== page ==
People We Love (and think you should love, too)!

We here at GLAHW have met so many amazing and talented people out in the big wide world (you know, OFF the internets) and thought it was high-time we introduced them to you. Who knows? You may end up discovering a favorite new artist, photographer, writer, or all-around awesome human.

This time Peggy talks with one of our favorite artists, Steve Bejma. (Steve’s website:  http://www.classichorrorsbystevenbejma.com/)

SteveBejma

GLAHW: How long have you been painting/drawing?

Bejma: I have been drawing and painting most of my life, but only seriously for the last 10 years.

 

GLAHW: Why did you choose the horror genre?

Bejma: I stick to the horror genre mostly due to the fact that my father was a horror movie nut, and when I was a boy he would always tell me, “Hey, Frankenstein is on Sir Graves Ghastly. Let’s watch it.” It was kind of our thing, just me and my dad watching old monster movies.

 

GLAHW: Were you inspired by a person or event to begin your artistic career?

Bejma: I’m not really sure of anything in particular that inspired all this. It was just something that I always did, drawing on desks in school, doodling on all my school work papers. I guess the movies I watched with my dad had a very big impact on me, that’s the stuff I always drew. It seemed a lot more interesting than drawing birds and trees.

 

GLAHW: Does your family support your creative endeavors?

Bejma: My dad was always very supportive of my artwork. My mom, however, always was trying to get me to do normal things: landscapes, trees, birds, boring stuff. I guess I can understand her concern for my mild obsession with all things creepy.

 

GLAHW: What is your creative process?

Bejma: My creative process is very simple. I paint things from my favorite movies, characters or actors. Sometimes something just pops into my head and I have to paint it immediately or I have an idea for a subject but can’t figure out how it should look at first, so I let it roll around in my head like a tumbleweed for a while, until something presents itself. Usually it comes from out of left field and bam, there it is!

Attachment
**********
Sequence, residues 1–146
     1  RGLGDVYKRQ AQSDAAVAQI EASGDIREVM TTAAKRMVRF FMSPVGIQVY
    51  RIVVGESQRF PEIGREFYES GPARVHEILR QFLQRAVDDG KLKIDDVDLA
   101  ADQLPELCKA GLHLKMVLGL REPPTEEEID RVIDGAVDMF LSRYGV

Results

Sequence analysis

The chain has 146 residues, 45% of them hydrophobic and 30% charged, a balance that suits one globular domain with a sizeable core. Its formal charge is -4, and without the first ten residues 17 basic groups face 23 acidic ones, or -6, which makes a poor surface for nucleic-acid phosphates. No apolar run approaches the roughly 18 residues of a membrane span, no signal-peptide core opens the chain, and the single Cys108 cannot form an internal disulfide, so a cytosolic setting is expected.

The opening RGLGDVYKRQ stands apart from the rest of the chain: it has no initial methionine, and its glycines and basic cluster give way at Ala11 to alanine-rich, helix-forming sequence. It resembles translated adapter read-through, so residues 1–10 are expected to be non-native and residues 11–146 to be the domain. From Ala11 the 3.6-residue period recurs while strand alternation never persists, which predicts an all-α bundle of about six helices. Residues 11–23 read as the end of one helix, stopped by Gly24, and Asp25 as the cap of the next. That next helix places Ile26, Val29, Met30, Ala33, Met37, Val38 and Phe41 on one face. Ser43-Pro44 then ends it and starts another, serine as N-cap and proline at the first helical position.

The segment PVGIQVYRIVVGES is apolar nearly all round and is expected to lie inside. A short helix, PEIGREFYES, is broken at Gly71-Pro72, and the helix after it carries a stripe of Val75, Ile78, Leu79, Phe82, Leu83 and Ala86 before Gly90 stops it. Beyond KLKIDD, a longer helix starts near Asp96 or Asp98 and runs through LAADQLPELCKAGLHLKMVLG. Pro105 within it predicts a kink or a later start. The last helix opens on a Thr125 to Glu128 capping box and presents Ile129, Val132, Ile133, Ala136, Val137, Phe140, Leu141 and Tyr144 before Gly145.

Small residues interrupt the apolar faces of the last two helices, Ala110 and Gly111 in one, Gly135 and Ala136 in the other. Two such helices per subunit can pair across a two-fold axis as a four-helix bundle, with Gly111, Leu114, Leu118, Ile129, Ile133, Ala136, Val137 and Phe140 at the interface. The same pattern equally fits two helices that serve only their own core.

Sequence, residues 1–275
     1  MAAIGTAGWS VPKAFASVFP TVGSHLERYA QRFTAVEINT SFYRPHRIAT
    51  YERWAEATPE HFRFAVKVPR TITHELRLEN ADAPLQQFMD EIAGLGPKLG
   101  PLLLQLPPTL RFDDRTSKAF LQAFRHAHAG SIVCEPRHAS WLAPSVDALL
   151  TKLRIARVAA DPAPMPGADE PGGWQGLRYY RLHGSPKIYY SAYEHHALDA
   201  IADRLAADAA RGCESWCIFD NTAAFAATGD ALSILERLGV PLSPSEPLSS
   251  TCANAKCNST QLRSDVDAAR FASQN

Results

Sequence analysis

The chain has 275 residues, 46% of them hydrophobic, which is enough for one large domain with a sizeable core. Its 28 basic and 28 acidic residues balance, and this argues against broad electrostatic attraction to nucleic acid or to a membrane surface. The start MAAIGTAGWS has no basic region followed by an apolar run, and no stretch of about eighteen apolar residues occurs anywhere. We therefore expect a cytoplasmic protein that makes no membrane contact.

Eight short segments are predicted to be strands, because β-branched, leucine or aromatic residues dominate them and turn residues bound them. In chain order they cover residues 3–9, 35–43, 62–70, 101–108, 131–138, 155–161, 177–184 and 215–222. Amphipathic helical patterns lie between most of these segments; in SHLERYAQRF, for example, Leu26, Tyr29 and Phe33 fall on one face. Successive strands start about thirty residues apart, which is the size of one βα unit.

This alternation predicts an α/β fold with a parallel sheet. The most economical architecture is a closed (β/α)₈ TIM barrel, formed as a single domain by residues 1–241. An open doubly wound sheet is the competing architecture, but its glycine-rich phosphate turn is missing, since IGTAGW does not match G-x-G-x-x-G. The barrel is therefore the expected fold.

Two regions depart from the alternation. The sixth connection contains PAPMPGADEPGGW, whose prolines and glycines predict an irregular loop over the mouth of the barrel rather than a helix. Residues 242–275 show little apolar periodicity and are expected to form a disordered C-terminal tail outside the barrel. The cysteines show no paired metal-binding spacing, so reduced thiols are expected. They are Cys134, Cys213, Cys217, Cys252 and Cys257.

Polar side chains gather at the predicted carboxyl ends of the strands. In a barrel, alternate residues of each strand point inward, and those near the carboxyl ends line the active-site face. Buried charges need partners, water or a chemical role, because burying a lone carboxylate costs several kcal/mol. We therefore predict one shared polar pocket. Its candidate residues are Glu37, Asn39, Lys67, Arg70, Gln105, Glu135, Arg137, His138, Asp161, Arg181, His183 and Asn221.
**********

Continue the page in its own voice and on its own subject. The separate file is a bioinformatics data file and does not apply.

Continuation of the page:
GLAHW: Where do you see yourself, as an artist, in five years?

Bejma: When I started painting again after 20 years of doing nothing, I thought I would give myself 5 years to see if I could reach some sort of level of success. And I had a very loose definition of success. If that was selling enough art at conventions to keep going or be able to get to do magazine covers or DVD covers, things like that. On my fifth year I got my first magazine cover for Scarlet Film Magazine and it’s been a slow but steady increase in work every year. Where I will be in five years is hard to say but being able to paint full time is the real goal, I suppose. From what started as a small hobby has bloomed into what is now about 75% of my business.

 

GLAHW:  Do you have a job outside of painting/drawing?

Bejma: I have a small graphics company during the day. That’s all more commercial stuff – logos, t-shirt designs, things of that type.

 

GLAHW: How often do you paint/draw?

Bejma: I make it a point to paint every day. Aside from being very enjoyable and relaxing, I always have a project for a DVD cover or magazine cover that I’m working on so there is always a deadline looming in the near future. But when I get home, have something for dinner, acknowledge the family unit, I get to go down into my studio, turn on some music or old radio show, and paint. It’s very relaxing. Work, but fun work.

 

GLAHW: Do you keep a list of ideas for future projects?

Bejma: I have a long list in my head of things I want to do. And I’m always looking for reference materials while I’m at work, Googling movies, actors. I print out the pictures and hang them up in my studio and look at them until the obvious hits me.

 

GLAHW: Do you paint/draw outside of the horror genre? If so, what else have you done?

Bejma: Occasionally I do “normal” stuff. I’ve done portraits for friends and a few still life things, but they still always come out looking a little creepy if you ask me.

 

GLAHW: Horror related images/monsters/etc. can be pretty terrifying. Have you ever seen a psychiatrist, or has anyone ever thought you might need one just because of what you create?

Bejma: My work always seems to come out very dark and people that don’t know me assume that I’m a dark, moody, sullen kind of guy. Totally not the case. I’m an easy going, good natured person. At least I think so. I think my mom always had concerns about my mental well being.